Made popular by Frank Sinatra, one of the most influential musicians of the 20th century, The Best Is Yet To Come has been a favorite poppy song since the 60’s. Carried by the jazzy notes of the saxophone and trumpet, accompanied by the rhythmic percussion and subtle piano sounds, the song, with catchy lyrics, is a timeless masterpiece still captivating hearts and commanding smiles. Unfortunately, this feel-good motif of “life always seemingly gets better” has crept into the heart of the modern gospel message. Many churchgoers have adopted this adage into their understanding of God, of life, and of themselves. Although God promises an Earth-bound Heaven where creation is restored and humankind is reconciled, the problem with this “Sinatra-esque thinking” is that it reflects an antithetical and incomplete gospel.
I want to smilingly enjoy Michael Bublé’s rendition and remind myself that the essence of the gospel is that “All gets better all the time.” Again, certainly the hope of Christianity lies in the beauty of continuous and future redemption of humanity, and all creation. In a grander sense though, life may not get better. I’m persuaded that life, and more importantly faith, do not seem to work in a way of linear growth, where failures and setbacks are reserved for the vicious past while accomplishments and triumphs are promises for the brighter future. Life is intertwined with an unfixed and seamlessly uncertain future. Therefore, the unpredictability of life demands creation to authentically engage in the fullness of experience: entering into its adventure with full faith of heart, mind, and soul, joyfully tethering ourselves to God, and partaking in emotions of the heart, thoughts of the mind, and senses of the body.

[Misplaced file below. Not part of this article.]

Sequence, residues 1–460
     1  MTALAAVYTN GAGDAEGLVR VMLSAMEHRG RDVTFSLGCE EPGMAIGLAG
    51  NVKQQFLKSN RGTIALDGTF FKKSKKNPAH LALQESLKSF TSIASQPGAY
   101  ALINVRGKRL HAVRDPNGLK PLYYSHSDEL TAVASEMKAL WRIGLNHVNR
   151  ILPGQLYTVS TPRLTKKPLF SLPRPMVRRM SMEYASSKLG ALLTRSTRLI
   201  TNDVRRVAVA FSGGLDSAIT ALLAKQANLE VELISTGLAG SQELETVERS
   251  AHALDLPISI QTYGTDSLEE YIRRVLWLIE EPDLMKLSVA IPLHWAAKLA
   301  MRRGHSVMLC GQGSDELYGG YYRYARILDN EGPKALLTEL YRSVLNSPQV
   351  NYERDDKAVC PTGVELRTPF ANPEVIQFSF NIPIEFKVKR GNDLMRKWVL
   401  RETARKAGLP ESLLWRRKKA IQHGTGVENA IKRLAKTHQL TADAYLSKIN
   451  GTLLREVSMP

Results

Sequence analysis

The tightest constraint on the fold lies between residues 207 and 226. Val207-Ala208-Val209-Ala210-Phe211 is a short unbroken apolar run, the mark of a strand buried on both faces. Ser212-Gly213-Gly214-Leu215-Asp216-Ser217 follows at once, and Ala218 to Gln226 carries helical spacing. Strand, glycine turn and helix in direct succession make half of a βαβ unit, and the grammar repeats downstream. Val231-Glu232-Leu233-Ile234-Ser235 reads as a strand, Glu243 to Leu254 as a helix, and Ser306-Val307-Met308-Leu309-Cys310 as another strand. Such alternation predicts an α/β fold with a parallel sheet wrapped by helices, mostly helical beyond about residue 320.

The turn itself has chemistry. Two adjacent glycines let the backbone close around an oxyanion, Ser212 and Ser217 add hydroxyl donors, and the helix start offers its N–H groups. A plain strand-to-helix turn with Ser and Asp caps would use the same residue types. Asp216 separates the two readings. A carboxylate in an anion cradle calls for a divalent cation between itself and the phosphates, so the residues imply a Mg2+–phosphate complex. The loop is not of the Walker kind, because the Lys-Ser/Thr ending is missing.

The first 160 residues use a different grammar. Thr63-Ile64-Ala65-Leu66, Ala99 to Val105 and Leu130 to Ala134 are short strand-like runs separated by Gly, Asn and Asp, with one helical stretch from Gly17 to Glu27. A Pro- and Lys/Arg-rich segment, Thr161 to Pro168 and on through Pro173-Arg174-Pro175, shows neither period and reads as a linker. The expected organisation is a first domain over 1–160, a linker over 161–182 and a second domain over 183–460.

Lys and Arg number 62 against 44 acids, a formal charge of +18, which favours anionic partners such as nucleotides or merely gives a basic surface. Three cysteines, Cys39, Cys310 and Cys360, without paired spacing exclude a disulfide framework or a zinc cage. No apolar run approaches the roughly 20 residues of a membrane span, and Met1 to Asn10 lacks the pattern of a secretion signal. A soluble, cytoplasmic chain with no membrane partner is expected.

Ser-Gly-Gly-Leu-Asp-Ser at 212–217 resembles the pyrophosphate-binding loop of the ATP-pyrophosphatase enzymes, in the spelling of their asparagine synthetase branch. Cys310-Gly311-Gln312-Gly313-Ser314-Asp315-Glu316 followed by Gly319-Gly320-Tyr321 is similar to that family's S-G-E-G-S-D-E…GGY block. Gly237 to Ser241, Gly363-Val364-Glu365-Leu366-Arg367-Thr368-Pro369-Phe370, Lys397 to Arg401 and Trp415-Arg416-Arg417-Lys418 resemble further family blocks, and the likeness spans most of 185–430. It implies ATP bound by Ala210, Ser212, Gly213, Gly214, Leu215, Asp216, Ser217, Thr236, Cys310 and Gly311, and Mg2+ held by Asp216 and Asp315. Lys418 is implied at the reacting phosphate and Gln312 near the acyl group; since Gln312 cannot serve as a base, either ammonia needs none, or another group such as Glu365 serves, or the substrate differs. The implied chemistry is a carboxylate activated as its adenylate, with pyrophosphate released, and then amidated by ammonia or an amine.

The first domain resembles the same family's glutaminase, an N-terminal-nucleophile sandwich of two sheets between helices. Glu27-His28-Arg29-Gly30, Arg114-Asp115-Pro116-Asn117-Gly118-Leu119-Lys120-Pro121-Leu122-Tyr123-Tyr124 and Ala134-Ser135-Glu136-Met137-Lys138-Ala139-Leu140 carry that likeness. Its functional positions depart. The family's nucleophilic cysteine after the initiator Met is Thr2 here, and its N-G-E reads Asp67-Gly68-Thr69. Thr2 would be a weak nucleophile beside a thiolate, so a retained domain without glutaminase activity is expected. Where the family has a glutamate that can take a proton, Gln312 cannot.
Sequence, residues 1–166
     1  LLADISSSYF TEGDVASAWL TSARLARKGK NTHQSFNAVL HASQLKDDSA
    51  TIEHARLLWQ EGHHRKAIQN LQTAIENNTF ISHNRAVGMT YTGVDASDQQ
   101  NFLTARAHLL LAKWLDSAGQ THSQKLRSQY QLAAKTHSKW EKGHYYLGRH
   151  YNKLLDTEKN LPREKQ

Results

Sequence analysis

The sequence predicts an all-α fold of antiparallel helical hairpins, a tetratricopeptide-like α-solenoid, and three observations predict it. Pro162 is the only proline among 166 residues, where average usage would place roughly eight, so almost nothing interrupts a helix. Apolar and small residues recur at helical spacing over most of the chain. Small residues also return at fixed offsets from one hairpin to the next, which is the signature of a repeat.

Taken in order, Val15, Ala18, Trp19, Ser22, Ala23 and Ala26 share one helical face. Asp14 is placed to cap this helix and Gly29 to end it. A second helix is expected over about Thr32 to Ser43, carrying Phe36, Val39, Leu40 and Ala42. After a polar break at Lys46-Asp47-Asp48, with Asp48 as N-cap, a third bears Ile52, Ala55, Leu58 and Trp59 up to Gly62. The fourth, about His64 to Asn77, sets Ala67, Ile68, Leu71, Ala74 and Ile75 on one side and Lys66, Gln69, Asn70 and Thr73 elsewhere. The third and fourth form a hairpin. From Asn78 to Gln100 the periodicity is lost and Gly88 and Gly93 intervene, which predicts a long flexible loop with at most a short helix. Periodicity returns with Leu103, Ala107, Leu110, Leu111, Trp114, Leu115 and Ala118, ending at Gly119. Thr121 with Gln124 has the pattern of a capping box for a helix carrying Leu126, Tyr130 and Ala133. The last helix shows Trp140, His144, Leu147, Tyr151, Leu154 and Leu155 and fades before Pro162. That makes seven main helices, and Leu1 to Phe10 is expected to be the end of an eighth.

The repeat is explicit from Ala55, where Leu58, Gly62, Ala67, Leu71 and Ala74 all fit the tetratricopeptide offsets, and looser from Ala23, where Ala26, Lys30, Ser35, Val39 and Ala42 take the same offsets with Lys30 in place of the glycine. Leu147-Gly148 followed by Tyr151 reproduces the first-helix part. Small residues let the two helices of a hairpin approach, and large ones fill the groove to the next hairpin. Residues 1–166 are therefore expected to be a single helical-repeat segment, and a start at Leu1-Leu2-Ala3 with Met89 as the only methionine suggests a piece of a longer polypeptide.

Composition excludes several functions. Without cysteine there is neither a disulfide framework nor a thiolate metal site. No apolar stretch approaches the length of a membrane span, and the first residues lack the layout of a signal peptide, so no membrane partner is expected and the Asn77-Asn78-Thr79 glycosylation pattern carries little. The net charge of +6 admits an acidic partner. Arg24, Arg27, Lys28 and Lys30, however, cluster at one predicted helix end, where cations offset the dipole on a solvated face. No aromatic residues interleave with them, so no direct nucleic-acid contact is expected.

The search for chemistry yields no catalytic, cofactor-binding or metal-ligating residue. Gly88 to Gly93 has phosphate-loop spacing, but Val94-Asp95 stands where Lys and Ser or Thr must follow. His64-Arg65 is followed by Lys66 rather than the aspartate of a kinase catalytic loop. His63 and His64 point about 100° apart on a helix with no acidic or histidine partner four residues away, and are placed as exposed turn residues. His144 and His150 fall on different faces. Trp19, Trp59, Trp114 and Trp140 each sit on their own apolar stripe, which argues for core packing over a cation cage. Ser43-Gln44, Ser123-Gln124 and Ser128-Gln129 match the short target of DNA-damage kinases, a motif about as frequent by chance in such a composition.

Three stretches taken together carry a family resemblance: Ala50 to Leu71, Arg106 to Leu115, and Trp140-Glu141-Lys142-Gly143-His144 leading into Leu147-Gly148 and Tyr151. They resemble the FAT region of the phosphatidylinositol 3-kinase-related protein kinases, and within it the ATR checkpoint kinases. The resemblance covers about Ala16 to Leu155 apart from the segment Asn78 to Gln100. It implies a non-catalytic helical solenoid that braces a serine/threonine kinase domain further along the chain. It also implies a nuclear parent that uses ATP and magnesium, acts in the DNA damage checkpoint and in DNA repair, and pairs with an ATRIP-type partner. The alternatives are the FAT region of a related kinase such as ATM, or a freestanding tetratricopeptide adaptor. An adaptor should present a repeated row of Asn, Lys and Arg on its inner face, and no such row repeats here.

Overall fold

Life, and more importantly faith, do not seem to work in a way of linear growth.
As journeyers, there will be a time for rejoicing, and a time for mourning, and there will be a time to repeat. The continuum of our lives exist in cyclical circuits where time is experienced through a mixture of happiness and sadness, celebration and grief, gratitude and petition. God pioneers us into a bewildering journey that never promises an easier tomorrow, blessings of success or triumph, or avoidance of pain and suffering. However, God does promise an ever-present Creator always enduring with humanity. This, I believe, is the essence of the true, promised Gospel: Immanuel, the splendorous and good God with us.
I’m reminded of my Christ-devoted grandparents. My dear grandma, widowed at a younger age than most, has lived under the poverty line for many years. Her late husband, a WWI veteran who fought against severe OCD amongst other health issues, was self-constrained to a bed for the last 13 years of his life until he was called home in his mid-60’s. Plagued by poverty and haunted by mental illness in the midst of raising a family and a small farm, my grandparents had their fair share of difficulties. Not many things came easy nor remained easy. Yet their engaging faith endured as they share the testimony of the goodness of God and the precious gift of life throughout uncertainty.
A good friend also comes to mind. The most emotionally intelligent and empathetic person I know, he was born with a physical handicap, and is currently battling his second round of cancer. In his present fight with cancer, he commonly wakes up feverishly sick at night, and drives himself to the nearby hospital, a common second home, where a proper diagnosis does not yet exist for his ongoing condition.